Then there's Christmas -- in some ways another matter, and in other ways not. I like to think of it as offering us a time for intentionally conscious and compassionate action. Of course we all know it's become the most materialistic holiday of them all. But what to do? How to turn the tide? I personally like to read the Gospels each year and reflect upon Jesus the Teacher, who exemplifies the birth of a new, unselfish and beautiful way of living and loving, through forgiveness, empathic
compassion, peacemaking and unconditional love. I like to remember Jesus as a spiritual leader, teacher and peaceful warrior, whose principal charge to those in his midst was about compassionate action. He exhorts us to feed and care for the sick, the poor, and the hungry and the disenfranchised. Who can look away from that? Mostly, I wonder: how can I myself better try to emulate him in applying his values? What can we do in these times to include the most poor, downtrodden and marginalized among us in good fortune of our times, to make our lives more meaningful? At least I know it begins with cultivating awareness and gratitude in my own heart and soul, and further takes shape through loving action.
One wintery day, I was walking along Harvard Square in the sharp cold, with chilling, high winds and humidity. Warmly wrapped up in my scarf, gloves, hat and heavy coat, I came upon a man striding briskly along without hat, gloves, coat or scarf. I wondered: Should I offer him my gloves? Hat? Coat? Approaching him I asked: Would you like my gloves or hat? And as he turned and looked at me, I found the loving and compassionate eyes of this so-called stranger. "Oh, no thanks!" he said. "It's like this where I come from, I'm used to it!" He smiled warmly and carried on. He gave me the gift of love and warm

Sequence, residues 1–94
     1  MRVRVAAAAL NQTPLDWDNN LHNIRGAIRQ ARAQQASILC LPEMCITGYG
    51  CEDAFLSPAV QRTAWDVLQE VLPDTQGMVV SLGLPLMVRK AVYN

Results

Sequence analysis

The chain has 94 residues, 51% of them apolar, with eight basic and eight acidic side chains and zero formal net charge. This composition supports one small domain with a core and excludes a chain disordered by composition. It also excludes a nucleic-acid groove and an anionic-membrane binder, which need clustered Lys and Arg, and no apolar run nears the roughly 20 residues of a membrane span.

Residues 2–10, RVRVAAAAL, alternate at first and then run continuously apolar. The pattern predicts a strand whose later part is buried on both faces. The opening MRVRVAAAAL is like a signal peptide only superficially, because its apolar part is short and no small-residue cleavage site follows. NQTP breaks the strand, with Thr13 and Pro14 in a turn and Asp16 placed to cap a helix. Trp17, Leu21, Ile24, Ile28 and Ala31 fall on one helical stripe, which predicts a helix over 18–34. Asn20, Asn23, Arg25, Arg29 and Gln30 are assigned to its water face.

compassion. I won't forget the light in his eyes. So as we think about who needs what and who 'helps' whom, or who is really marginalized, let's find a way to share our gifts of spontaneous love and compassion moment by sacred moment, seeing all the while the Great Gift of interconnectedness and heart.
For many of us—the fortunate ones—this holyday season is a rich time of good will and meaningful connection. They remind us of goodness, ours and others', and our deep interconnectedness. Let us be remindful of that and rejoice in the light of the season and the many opportunities to heal the gap between us and others.
- Lama Surya Das